Apple users need to update their devices. Here’s why (and how)


Protect Your Access to the Internet

Apple iPhone, iPad and Macintosh users, this column is for you.

Windows and Android users, feel free to snicker and shake your heads.

Apple has issued a warning for users of many of its products to update their devices’ operating systems to patch a potentially dangerous security vulnerability.

According to a security bulletin released Aug. 17, Apple recommends updating iOS and iPadOS to version 15.6.1 to close a security hole that could allow an application to execute arbitrary code with kernel privileges. The ability to execute code at the kernel level could allow someone else to control your device.

Apple also released macOS Monterey version 12.5.1, which patches a similar vulnerability that would allow an application to execute code with kernel privileges on Macintosh computers.

These vulnerabilities are as serious as it gets.

Normally, Apple users revel in how they don’t really need to run antivirus software. Apple keeps a close watch on operating system security, and if users stay up to date with their operating system patches, they are reasonably protected.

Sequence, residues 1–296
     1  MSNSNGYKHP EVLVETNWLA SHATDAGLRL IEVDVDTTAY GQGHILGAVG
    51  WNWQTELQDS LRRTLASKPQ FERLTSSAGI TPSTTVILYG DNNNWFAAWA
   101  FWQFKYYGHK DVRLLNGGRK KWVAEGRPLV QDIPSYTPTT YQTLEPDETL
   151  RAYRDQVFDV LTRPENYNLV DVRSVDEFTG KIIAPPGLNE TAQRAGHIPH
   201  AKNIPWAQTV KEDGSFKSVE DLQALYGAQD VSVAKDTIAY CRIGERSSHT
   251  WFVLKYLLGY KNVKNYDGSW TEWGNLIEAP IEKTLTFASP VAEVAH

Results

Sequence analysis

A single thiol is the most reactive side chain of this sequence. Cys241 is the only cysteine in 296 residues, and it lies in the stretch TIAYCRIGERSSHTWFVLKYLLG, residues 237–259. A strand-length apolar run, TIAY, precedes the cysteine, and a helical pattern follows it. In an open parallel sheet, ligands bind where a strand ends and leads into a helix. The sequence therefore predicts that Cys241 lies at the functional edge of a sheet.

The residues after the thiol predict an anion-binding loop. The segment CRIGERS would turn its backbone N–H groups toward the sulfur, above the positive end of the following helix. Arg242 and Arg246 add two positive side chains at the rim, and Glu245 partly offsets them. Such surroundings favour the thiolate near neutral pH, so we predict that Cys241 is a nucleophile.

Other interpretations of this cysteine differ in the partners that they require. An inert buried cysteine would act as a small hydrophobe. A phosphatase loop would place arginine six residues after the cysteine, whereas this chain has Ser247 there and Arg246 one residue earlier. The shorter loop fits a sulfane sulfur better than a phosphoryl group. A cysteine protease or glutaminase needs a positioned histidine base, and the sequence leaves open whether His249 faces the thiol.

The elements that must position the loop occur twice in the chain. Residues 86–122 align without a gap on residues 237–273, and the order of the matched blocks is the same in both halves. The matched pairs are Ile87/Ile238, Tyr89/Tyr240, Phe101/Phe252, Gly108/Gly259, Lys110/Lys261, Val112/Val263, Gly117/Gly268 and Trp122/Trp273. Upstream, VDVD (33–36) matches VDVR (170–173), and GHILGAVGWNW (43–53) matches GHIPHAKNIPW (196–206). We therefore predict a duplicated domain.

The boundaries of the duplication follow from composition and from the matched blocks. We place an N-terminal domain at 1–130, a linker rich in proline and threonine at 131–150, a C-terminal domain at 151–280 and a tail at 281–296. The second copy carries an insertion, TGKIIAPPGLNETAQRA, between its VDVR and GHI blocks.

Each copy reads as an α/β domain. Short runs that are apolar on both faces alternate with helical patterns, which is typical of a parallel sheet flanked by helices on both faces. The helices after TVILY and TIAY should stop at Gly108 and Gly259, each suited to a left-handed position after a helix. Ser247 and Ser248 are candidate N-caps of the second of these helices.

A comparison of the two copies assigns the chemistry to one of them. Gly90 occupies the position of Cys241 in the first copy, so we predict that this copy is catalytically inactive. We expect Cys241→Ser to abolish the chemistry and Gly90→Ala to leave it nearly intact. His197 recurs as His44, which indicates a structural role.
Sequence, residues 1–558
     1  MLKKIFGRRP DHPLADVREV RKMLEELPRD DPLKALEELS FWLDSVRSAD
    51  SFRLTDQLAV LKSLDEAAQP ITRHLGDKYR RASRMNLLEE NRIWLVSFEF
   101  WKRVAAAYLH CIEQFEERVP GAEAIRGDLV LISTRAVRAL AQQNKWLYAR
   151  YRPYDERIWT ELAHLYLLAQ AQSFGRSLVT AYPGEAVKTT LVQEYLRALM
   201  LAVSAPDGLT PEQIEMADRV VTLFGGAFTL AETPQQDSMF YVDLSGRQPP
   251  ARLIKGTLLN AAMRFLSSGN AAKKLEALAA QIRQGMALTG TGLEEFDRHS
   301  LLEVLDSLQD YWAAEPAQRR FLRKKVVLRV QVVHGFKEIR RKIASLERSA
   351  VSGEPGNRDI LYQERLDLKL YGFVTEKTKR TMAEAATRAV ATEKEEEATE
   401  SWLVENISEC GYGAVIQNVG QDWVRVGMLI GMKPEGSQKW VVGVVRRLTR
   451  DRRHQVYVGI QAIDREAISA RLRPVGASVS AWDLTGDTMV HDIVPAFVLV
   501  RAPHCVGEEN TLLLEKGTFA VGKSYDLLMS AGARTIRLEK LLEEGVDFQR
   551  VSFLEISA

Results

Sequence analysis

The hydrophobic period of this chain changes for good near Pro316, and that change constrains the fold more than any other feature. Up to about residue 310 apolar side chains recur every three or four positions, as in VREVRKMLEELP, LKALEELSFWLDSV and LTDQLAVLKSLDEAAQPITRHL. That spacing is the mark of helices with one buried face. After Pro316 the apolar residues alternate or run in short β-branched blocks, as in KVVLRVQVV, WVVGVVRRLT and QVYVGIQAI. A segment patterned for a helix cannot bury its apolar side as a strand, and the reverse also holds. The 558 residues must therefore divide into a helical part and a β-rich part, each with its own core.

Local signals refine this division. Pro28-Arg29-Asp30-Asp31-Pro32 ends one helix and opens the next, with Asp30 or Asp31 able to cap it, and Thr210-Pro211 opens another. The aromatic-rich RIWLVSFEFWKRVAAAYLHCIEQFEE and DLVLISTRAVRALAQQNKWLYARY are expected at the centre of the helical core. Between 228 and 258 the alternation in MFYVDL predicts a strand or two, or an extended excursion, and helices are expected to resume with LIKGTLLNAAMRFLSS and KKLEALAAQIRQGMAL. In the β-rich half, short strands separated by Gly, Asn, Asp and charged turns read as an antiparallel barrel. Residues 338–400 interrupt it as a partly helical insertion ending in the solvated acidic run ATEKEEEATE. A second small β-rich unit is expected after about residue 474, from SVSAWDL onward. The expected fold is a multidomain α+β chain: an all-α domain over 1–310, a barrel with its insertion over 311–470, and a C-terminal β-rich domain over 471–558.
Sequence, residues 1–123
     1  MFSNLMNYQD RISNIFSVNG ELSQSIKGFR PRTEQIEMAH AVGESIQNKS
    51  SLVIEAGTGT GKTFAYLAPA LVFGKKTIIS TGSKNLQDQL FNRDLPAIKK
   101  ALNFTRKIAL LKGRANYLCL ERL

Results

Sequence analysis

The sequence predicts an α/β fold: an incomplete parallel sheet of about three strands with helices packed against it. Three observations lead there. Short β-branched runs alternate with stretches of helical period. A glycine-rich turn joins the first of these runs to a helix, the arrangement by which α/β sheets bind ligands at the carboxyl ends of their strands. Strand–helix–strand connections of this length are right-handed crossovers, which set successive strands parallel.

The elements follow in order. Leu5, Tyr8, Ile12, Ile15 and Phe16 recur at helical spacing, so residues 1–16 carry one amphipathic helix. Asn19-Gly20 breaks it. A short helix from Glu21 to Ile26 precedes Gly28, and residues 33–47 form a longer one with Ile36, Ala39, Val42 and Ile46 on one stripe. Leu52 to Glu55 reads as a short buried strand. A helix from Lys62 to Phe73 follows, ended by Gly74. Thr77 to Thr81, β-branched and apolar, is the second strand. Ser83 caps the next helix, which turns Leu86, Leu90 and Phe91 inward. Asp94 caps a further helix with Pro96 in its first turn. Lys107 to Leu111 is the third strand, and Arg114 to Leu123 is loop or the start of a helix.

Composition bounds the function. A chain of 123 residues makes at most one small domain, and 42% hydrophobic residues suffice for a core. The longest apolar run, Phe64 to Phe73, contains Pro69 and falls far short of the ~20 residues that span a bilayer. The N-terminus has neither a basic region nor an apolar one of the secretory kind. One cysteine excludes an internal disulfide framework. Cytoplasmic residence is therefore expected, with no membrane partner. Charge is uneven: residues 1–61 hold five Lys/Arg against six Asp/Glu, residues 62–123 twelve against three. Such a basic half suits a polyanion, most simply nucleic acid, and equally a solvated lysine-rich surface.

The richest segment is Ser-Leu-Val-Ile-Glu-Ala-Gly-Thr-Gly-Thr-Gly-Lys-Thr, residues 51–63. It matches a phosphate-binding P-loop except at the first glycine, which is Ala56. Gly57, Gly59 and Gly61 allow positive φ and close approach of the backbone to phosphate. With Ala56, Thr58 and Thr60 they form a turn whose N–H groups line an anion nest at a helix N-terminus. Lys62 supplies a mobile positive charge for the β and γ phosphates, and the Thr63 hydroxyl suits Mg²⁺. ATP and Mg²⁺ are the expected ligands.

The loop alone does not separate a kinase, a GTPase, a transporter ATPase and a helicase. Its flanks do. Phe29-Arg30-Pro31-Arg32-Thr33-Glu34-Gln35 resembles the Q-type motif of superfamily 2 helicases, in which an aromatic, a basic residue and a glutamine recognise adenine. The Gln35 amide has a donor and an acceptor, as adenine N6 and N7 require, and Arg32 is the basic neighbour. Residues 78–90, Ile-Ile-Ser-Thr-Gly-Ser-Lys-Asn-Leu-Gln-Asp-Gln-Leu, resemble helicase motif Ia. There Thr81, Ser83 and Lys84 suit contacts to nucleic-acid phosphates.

The updates are released as needed by Apple, and smart users have set their device to download and install such patches automatically.

It is rare for Apple to tell everyone to upgrade as soon as possible.

These updates are intended for users of iPhones from the 6S up to the current iPhone 13 models.

Also affected are owners of iPad Pro (all models), iPad Air 2 and later, iPad 5th generation and later, iPad mini 4 and later, and iPod touch (7th generation).

How do you make sure your device will automatically keep current with OS updates?

iOS users should go to their Settings and then open General and Software Update.

Tap the Automatic Updates option to turn it on (green), and then you’ll see options to automatically download and automatically install updates. You should turn them both on.

Mac users running Monterey should go to their System Preferences and open Software Update, then put a check in the box to “Automatically keep my Mac up to date.”

There is also an Advanced option there so users can choose to automatically check for updates, download them and install them.

I have them all checked on my Macs at home and at work.